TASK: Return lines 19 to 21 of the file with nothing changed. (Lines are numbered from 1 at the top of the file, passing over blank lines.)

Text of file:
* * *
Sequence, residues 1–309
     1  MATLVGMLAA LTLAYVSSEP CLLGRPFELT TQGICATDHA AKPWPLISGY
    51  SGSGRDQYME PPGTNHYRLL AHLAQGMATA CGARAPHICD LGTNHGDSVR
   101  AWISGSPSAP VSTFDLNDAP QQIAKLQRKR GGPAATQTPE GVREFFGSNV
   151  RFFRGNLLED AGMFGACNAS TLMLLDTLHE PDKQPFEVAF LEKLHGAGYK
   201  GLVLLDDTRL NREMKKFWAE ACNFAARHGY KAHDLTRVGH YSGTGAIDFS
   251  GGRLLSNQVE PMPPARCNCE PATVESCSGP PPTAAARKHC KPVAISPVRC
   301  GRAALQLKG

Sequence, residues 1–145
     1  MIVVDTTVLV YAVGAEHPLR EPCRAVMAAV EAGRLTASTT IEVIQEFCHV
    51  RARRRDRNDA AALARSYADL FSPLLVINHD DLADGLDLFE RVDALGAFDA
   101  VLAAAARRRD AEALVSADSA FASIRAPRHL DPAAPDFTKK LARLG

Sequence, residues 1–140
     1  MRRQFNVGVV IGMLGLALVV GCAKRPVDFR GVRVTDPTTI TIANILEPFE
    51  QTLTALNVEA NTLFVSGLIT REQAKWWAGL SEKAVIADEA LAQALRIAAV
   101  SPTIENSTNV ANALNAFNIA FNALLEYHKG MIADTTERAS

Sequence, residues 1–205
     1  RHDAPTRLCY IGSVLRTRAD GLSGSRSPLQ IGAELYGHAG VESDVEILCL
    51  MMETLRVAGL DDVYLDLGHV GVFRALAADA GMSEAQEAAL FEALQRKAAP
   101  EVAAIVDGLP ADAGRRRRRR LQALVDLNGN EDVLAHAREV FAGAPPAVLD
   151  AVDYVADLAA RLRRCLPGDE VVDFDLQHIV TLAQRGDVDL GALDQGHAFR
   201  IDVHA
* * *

    51  MMETLRVAGL DDVYLDLGHV GVFRALAADA GMSEAQEAAL FEALQRKAAP
   101  EVAAIVDGLP ADAGRRRRRR LQALVDLNGN EDVLAHAREV FAGAPPAVLD
   151  AVDYVADLAA RLRRCLPGDE VVDFDLQHIV TLAQRGDVDL GALDQGHAFR